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Paraneoplastic dermatomyositis accounts for 15%–30% of all the cases of dermatomyositis, and it may precede (40%), develop concomitantly (26%) or follow (34%) the diagnosis of the malignancy.[4] Most commonly associated malignancies are ovarian, bronchogenic, colorectal, gastric, non-Hodgkins lymphoma, breast, cervical, pancreatic, esophageal, bladder and renal malignancies. It has been hypothesized that the malignant cells express certain cryptic antigens on their cell surface, generating autoantibodies which cross react with the muscle cells to cause myositis.[5] The risk factors for associated malignancy are old age, male sex, smoking, cutaneous leukocytoclastic vasculitis, cutaneous necrosis, lesions resistant to therapy, a rapid onset of myositis, dysphagia, raised erythrocyte sedimentation rate, C-reactive protein, raised creatine kinase, positive anti-transcription intermediary factor 1γ, positive human leukocyte antigen-A28 and negative anti-Jo-1. Gallbladder malignancy is extremely rare with dermatomyositis. To the best of our knowledge, only eight such cases have been reported till date which are illustrated in [Table 1]. In all the previously reported cases, the malignancy was found after the diagnosis of dermatomyositis was made, as seen in our case.
Table 1: Previously reported cases of diabetes mellitus with gallbladder malignancy

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Our patient was treated with oral prednisolone (40 mg daily), pulsed intravenous methylprednisolone, hydroxy-chloroquine (200 mg twice daily), antihistamines and topical mometasone furoate 0.1%. She underwent an extended cholecystectomy which on histopathological examination revealed a well-differentiated adenocarcinoma gallbladder stage T1b Nx [Figure 3]. With this treatment, the patient's muscle weakness improved clinically and skin lesions started regressing. The patient was also started on oral methotrexate 7.5 mg weekly.
Figure 3: Microphotograph revealing well differentiated adenocarcinoma of gallbladder (H and E, ×400)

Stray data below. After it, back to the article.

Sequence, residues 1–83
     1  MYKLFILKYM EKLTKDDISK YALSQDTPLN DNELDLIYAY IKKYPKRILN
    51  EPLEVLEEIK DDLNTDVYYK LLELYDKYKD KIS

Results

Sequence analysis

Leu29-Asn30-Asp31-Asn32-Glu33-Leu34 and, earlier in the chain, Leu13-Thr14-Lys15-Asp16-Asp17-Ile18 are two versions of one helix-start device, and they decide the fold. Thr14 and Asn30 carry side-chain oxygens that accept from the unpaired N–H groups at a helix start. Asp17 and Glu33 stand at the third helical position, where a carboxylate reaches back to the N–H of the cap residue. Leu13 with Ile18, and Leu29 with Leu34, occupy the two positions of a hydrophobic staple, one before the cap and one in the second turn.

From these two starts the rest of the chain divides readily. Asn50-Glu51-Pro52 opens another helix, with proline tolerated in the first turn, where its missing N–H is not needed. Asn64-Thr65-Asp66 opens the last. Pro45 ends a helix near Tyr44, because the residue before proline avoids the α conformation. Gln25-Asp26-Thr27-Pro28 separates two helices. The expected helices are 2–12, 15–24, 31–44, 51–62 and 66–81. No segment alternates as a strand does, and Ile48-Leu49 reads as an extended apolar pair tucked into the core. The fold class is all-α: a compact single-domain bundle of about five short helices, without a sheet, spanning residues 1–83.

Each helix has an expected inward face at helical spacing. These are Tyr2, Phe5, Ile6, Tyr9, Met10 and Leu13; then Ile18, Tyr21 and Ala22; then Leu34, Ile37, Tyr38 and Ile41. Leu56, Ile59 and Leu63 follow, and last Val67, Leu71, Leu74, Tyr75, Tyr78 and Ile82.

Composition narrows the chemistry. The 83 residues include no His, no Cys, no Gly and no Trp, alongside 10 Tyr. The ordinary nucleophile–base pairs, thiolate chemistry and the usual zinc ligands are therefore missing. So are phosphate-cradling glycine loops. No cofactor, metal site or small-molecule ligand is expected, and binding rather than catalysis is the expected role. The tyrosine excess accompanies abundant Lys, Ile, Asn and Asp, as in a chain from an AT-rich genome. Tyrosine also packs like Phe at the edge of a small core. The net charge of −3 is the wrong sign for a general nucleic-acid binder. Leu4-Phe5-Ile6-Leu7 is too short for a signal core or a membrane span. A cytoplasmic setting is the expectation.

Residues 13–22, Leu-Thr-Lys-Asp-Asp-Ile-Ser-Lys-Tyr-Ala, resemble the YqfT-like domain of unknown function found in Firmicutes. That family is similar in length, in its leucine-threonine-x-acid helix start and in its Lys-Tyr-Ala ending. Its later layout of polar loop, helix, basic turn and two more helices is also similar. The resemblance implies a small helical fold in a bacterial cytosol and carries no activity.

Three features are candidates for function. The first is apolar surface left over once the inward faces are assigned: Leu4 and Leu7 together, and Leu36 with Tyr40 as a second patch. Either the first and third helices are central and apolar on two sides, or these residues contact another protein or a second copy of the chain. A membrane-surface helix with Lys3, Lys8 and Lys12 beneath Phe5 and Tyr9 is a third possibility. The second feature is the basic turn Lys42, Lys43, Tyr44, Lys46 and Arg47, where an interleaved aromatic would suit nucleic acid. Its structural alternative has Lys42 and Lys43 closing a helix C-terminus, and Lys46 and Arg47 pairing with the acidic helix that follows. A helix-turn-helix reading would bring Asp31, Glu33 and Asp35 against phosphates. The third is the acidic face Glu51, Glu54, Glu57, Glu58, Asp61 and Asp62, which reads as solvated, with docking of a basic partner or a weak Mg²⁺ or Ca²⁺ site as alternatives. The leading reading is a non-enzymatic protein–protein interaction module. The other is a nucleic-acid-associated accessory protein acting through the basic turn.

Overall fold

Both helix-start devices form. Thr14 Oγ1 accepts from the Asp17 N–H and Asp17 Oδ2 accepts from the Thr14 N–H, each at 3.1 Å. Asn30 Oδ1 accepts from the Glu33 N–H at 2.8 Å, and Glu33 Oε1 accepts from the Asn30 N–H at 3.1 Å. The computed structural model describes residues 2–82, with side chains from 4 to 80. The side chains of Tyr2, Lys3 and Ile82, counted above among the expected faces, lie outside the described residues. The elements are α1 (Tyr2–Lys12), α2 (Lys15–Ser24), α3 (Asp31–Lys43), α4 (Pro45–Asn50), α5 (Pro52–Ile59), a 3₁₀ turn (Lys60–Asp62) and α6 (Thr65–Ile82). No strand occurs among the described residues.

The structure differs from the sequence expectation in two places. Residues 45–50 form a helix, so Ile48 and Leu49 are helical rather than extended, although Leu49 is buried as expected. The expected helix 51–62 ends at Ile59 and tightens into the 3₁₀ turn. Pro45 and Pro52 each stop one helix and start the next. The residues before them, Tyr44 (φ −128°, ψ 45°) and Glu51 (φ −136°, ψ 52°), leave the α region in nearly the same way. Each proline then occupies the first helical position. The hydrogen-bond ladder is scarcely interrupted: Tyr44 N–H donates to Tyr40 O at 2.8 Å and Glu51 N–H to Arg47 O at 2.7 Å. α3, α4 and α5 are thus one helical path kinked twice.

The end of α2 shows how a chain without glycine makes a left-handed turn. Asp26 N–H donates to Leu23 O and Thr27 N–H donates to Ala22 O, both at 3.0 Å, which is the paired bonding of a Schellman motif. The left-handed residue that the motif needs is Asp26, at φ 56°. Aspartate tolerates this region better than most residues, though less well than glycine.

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This case illustrates an unusual malignant association with dermatomyositis and highlights the importance of increased suspicion and heightened screening for malignant disease in elderly patients with dermatomyositis.

Declaration of patient consent

The authors certify that they have obtained all appropriate patient consent forms. In the form the patient has given her consent for her images and other clinical information to be reported in the journal. The patients understand that their names and initials will not be published and due efforts will be made to conceal their identity, but anonymity cannot be guaranteed.

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Conflicts of interest

There are no conflicts of interest.[13]

  References Top

Haroon M, Eltahir A, Harney S. Generalized subcutaneous edema as a rare manifestation of dermatomyositis: Clinical lesson from a rare feature. J Clin Rheumatol 2011;17:135-7.  Back to cited text no. 1
Dalakas MC, Hohlfeld R. Polymyositis and dermatomyositis. Lancet 2003;362:971-82.  Back to cited text no. 2
Milisenda JC, Doti PI, Prieto-González S, Grau JM. Dermatomyositis presenting with severe subcutaneous edema: Five additional cases and review of the literature. Semin Arthritis Rheum 2014;44:228-33.  Back to cited text no. 3
Callen JP. The value of malignancy evaluation in patients with dermatomyositis. J Am Acad Dermatol 1982;6:253-9.  Back to cited text no. 4
Zhang W, Jiang SP, Huang L. Dermatomyositis and malignancy: A retrospective study of 115 cases. Eur Rev Med Pharmacol Sci 2009;13:77-80.  Back to cited text no. 5
Yiannopoulos G, Ravazoula P, Meimaris N, Stavropoulos M, Andonopoulos AP. Dermatomyositis in a patient with adenocarcinoma of the gall bladder. Ann Rheum Dis 2002;61:663-4.  Back to cited text no. 6
Kundu AK, Karmakar PS, Bera AB, Pal SK. Carcinoma of the gall bladder presenting as dermatomyositis. J Assoc Physicians India 2005;53:219-22.  Back to cited text no. 7
Narasimhaiah DA, Premkumar JA, Moses V, Chacko G. Carcinoma of gall bladder presenting as dermatomyositis. Ann Indian Acad Neurol 2011;14:44-6.  Back to cited text no. 8
[PUBMED]  [Full text]  
Ni QF, Liu GQ, Pu LY, Kong LL, Kong LB. Dermatomyositis associated with gallbladder carcinoma: A case report. World J Hepatol 2013;5:230-3.  Back to cited text no. 9
Sawada T, Nakai N, Masuda K, Katoh N. Paraneoplastic dermatomyositis associated with gallbladder carcinoma: A case report and mini-review of the published work. Indian J Dermatol 2014;59:615-6.  Back to cited text no. 10
[PUBMED]  [Full text]  
Park JS, Pyo JY, Park YB, Lee SK, Lee SW. Dermatomyositis associated with gallbladder cancer. J Rheum Dis 2014;21:261-5.  Back to cited text no. 11
Premkumar M, Vyas T, Vashistha C, Kumar C, Rastogi A, Sharma P. Gall bladder adenocarcinoma masquerading as dermatomyositis. Oncol Gastroenterol Hepatol Rep 2014;3 Suppl S1:32-5.  Back to cited text no. 12
Jurcic P. Dermatomyositis as the first manifestation of gallbladder adenocarcinoma: Case report and literature overview. World J Surg Oncol 2015;13:127.  Back to cited text no. 13


  [Figure 1], [Figure 2], [Figure 3]

  [Table 1]